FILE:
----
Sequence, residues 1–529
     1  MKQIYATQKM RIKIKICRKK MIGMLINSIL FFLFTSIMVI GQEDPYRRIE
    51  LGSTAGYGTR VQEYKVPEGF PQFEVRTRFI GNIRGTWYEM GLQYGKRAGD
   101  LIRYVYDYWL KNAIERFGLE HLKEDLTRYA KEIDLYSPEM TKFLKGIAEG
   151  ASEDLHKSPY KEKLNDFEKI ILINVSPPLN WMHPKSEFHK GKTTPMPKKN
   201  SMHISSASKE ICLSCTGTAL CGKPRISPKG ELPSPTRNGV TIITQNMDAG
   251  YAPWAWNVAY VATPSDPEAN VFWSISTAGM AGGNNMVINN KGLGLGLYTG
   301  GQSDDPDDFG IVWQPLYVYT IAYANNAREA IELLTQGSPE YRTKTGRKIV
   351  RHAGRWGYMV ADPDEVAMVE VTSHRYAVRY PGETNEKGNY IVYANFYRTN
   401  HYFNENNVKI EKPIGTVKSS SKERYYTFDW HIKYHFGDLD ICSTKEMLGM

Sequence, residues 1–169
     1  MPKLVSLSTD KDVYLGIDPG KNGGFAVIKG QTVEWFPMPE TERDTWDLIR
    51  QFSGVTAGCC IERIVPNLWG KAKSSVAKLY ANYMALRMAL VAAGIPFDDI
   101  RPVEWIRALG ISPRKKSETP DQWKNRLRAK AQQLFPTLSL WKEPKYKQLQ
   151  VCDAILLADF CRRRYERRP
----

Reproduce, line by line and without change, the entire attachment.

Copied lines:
Sequence, residues 1–529
     1  MKQIYATQKM RIKIKICRKK MIGMLINSIL FFLFTSIMVI GQEDPYRRIE
    51  LGSTAGYGTR VQEYKVPEGF PQFEVRTRFI GNIRGTWYEM GLQYGKRAGD
   101  LIRYVYDYWL KNAIERFGLE HLKEDLTRYA KEIDLYSPEM TKFLKGIAEG
   151  ASEDLHKSPY KEKLNDFEKI ILINVSPPLN WMHPKSEFHK GKTTPMPKKN
   201  SMHISSASKE ICLSCTGTAL CGKPRISPKG ELPSPTRNGV TIITQNMDAG
   251  YAPWAWNVAY VATPSDPEAN VFWSISTAGM AGGNNMVINN KGLGLGLYTG
   301  GQSDDPDDFG IVWQPLYVYT IAYANNAREA IELLTQGSPE YRTKTGRKIV
   351  RHAGRWGYMV ADPDEVAMVE VTSHRYAVRY PGETNEKGNY IVYANFYRTN
   401  HYFNENNVKI EKPIGTVKSS SKERYYTFDW HIKYHFGDLD ICSTKEMLGM

Sequence, residues 1–169
     1  MPKLVSLSTD KDVYLGIDPG KNGGFAVIKG QTVEWFPMPE TERDTWDLIR
    51  QFSGVTAGCC IERIVPNLWG KAKSSVAKLY ANYMALRMAL VAAGIPFDDI
   101  RPVEWIRALG ISPRKKSETP DQWKNRLRAK AQQLFPTLSL WKEPKYKQLQ
   151  VCDAILLADF CRRRYERRP